And he’s not alone. Ten more Democrats wrote a letter this week complaining that this compromise would make it harder for seniors to get treatment under Medicare because “provider shortages in states with low reimbursement rates such as ours will make such a program ineffective, or even worsen the problems these states are experiencing.” These ten were: Sens. Maria Cantwell (Wash.), Russ Feingold (Wisc.), Tim Johnson (S.D.), Patrick Leahy (Vermont), Jeanne Shaheen (N.H.), Tom Udall (N.M.), Jeff Merkley (Ore.), Ron Wyden (Ore.), Amy Klobuchar (MN), and Al Franken (SNL).

Joe Lieberman, Ben Nelson and Olympia Snowe also criticized the proposal. Lieberman indicated that he was growing “increasingly concerned” with the proposal:
“I am increasingly troubled about the proposal. I am worried about what impact it will have on the Medicare program’s fiscal viability and also what effect it will have on the premiums paid by people benefiting from Medicare now.”
Nelson stated that this could be an intermediate step to a public option “which I do not like.” He further stated, “I wouldn’t be surprised if this thing does not become a viable option. I think it is going to be the lesser of the popular things, but I am keeping an open mind.”

Olympia Snowe was not as optimistic. “I have serious concerns. I just think that is the wrong direction to take.” She further stated that she could not see a way to even tweak the proposal to win her vote. “I can’t see it.”

Maybe there was no deal after all? It’s sure starting to sound that way.


StanH said...

It must be frustrating beyond belief for liberals, the trouble that they are having with healthcare…what fun. Perception is reality for Harry Reid and by declaring a “deal” he hoped that public opposition would soften accepting the inevitability of deathcare. Like we’ve said many times, something is going to pass, and whatever it is should be the first plank in the conservative platform for 2010.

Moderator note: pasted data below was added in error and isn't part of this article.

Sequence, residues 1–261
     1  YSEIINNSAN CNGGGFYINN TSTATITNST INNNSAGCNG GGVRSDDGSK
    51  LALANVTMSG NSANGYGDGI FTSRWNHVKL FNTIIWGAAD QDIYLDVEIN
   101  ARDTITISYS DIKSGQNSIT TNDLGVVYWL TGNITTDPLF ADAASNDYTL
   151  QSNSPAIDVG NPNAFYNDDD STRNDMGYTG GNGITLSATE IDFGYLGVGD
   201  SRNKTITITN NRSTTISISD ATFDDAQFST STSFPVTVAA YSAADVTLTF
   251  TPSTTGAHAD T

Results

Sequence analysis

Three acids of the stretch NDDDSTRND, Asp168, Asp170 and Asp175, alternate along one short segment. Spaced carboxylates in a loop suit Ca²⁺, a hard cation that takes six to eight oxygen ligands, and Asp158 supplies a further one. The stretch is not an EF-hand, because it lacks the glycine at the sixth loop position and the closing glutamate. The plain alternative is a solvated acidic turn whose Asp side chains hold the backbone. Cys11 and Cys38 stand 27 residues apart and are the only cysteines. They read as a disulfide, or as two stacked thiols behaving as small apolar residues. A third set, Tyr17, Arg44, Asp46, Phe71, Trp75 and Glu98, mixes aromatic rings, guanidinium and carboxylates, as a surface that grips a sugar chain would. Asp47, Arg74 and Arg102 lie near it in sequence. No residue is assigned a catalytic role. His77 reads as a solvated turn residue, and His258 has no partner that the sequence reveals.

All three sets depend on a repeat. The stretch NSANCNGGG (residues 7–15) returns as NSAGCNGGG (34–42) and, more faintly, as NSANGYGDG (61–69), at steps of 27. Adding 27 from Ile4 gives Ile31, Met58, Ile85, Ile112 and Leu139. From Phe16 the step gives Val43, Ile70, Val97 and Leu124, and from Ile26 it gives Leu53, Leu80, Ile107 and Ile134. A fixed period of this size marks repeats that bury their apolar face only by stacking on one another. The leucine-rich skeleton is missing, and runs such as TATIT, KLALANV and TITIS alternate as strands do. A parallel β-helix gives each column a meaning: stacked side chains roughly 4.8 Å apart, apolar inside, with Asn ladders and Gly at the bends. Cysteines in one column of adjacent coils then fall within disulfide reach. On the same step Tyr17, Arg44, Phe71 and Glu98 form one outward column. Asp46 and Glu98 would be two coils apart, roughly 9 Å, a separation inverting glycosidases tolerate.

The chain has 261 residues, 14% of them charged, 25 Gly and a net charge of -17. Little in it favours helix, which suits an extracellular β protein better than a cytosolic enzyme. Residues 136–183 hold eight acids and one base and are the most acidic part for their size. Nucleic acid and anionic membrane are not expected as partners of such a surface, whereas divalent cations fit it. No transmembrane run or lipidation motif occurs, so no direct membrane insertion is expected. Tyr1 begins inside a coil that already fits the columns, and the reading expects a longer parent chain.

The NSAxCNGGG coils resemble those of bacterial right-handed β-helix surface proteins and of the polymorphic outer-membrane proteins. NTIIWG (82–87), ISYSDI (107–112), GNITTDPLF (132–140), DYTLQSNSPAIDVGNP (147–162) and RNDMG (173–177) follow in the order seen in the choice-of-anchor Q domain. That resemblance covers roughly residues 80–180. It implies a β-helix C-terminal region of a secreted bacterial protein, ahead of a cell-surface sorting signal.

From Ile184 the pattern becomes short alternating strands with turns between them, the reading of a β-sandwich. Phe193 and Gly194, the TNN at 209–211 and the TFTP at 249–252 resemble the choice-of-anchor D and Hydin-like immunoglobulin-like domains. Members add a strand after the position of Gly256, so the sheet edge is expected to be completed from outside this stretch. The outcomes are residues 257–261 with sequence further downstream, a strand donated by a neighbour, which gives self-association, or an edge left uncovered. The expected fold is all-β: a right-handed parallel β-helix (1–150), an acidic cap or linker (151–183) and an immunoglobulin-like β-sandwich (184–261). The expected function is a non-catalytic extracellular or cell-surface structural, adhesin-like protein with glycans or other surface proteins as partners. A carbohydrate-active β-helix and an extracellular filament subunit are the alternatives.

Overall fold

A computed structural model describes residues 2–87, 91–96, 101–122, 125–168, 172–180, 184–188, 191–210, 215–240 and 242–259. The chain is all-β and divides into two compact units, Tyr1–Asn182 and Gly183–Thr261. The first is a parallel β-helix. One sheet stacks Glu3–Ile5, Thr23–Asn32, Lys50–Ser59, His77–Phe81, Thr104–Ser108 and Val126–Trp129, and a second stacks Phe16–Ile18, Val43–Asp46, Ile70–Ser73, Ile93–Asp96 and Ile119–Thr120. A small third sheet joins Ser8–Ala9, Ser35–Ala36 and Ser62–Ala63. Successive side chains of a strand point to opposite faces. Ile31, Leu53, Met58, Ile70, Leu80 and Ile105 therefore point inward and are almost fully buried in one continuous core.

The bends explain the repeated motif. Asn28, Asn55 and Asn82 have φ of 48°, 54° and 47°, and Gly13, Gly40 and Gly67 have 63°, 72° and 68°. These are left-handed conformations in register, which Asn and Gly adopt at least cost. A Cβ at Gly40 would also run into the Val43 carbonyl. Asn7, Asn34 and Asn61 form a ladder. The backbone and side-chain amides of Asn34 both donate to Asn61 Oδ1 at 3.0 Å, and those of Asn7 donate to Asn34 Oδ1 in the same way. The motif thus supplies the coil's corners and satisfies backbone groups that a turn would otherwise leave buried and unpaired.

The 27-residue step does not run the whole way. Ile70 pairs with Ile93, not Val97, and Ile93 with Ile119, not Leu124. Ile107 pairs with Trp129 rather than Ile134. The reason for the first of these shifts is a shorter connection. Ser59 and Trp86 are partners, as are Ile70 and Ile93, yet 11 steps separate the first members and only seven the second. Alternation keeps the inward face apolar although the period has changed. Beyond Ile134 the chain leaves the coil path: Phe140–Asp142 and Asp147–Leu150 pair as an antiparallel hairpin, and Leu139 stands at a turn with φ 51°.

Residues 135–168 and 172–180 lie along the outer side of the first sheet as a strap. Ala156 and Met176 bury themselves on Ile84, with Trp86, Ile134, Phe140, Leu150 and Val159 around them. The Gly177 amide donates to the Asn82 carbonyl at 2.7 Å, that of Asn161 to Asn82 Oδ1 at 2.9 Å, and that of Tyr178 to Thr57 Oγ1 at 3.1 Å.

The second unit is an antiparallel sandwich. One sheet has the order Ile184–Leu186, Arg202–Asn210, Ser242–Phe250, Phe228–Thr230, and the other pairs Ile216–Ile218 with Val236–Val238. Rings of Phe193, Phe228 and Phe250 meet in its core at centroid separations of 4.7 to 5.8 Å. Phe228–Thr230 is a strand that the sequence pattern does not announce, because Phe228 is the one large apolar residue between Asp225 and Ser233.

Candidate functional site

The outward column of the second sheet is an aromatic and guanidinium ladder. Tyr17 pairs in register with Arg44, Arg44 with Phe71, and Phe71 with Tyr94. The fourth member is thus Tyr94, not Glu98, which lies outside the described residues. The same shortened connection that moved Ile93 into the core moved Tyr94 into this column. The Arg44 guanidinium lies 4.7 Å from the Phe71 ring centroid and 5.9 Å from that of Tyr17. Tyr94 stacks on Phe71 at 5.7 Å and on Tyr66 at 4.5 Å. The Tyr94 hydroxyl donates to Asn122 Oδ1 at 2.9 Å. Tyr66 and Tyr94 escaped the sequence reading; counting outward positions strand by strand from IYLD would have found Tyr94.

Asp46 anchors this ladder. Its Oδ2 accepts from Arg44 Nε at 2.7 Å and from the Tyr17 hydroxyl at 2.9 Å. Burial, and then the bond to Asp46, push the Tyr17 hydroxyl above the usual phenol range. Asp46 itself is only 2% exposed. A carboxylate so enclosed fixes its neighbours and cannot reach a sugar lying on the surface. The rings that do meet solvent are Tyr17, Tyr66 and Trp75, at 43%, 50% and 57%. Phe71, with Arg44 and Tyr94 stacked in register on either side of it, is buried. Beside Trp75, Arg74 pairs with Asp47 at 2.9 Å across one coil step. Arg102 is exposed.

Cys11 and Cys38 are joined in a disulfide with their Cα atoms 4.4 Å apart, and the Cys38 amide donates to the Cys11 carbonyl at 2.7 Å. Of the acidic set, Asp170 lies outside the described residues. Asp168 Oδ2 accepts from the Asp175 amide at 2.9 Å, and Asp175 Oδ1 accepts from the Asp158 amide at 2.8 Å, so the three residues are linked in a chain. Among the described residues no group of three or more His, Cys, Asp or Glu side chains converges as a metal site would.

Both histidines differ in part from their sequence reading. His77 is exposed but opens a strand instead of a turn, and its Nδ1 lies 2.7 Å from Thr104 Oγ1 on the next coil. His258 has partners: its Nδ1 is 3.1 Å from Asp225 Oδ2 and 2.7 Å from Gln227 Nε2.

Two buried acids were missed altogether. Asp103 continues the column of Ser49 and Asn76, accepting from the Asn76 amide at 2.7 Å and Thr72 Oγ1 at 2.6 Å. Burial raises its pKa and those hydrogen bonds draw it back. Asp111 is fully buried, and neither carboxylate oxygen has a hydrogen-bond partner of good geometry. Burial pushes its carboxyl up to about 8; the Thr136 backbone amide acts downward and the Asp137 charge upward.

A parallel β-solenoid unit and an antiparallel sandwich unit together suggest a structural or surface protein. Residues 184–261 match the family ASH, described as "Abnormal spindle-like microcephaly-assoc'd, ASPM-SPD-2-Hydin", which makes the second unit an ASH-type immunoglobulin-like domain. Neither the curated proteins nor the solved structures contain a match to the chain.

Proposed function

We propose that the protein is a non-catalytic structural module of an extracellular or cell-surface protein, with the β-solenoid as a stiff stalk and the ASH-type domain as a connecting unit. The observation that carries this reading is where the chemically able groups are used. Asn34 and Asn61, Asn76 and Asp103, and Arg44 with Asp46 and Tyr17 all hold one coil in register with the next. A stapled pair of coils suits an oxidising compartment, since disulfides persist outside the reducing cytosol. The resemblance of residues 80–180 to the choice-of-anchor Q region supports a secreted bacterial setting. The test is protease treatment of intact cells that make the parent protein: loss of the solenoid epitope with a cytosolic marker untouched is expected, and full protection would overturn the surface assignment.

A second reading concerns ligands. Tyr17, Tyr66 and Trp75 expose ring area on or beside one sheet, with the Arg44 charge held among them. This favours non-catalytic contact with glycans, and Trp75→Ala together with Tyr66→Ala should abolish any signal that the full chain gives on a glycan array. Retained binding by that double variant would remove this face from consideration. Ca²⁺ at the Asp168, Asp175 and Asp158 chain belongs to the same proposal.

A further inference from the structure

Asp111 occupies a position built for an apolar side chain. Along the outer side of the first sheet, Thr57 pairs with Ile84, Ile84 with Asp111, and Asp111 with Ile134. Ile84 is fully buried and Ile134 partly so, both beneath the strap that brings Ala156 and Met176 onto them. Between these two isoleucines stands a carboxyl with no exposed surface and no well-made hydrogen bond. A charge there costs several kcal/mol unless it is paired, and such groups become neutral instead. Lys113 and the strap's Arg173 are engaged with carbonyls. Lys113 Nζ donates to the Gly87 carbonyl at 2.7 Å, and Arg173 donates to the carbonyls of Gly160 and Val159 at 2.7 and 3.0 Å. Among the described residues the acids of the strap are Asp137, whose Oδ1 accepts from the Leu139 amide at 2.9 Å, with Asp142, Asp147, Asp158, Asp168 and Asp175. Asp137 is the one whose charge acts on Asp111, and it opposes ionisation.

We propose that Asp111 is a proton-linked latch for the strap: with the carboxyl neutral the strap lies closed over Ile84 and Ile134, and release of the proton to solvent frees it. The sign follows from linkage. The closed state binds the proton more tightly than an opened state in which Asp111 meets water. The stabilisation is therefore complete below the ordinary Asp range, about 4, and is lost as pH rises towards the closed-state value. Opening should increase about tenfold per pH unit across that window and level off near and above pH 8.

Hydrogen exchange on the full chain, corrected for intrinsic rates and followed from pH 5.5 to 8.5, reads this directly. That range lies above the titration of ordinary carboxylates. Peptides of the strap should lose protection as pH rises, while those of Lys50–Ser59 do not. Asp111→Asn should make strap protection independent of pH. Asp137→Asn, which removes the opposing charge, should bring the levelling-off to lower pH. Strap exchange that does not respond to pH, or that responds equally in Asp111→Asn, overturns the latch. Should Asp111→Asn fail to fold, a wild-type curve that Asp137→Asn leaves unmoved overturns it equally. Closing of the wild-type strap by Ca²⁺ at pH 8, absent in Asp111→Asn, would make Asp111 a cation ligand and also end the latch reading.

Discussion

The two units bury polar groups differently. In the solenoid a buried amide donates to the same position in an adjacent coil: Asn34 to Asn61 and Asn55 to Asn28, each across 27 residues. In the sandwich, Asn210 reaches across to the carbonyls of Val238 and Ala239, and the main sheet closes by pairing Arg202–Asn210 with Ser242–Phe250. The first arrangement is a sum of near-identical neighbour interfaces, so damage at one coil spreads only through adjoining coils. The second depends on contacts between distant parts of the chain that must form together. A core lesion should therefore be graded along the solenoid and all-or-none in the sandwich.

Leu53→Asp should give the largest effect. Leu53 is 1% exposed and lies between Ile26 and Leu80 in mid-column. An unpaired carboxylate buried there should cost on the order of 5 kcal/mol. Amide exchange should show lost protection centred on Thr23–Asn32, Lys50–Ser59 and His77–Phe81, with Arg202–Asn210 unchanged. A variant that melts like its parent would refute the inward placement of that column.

Writer X said...

What a bunch of clowns. When they start referring to each other as "the senator from state X," you know something is fishy.

AndrewPrice said...

Stan, I think that "perception is reality" is the key to this. I think that they couldn't really come to an agreement and they are trying to use peer pressure to line up all the Democrats.

If all of their constituents are told that a deal is in place, that would put a lot of pressure on individual objectors to explain why there really isn't a deal and why they seem to be the only one standing in the way of THE DEAL.

It will be interesting to see if this works. Once again, the enemy for Reid is time. The longer he gives them, the more rats will bolt the ship.

AndrewPrice said...

Writer X, You're right, "Senate speak" hides a lot of evil.

Tennessee Jed said...

As long as it all results in no wealth draining socialist cost ignoring "free" healthcare for all of the Democrat Party special interest groups, I'm happy. Realistically, this has always been a tough issue and our side has rallied nicely to expose the details. Further, when you discount rino's and dino's in states where they have to hug the center to stay in power, this is still a fairly evenly split congress. So far, Harry Reid has not shown the smarts or the muscle to get what he and Obama so desparately want . . . something for the state of the union. I hope it remains that way.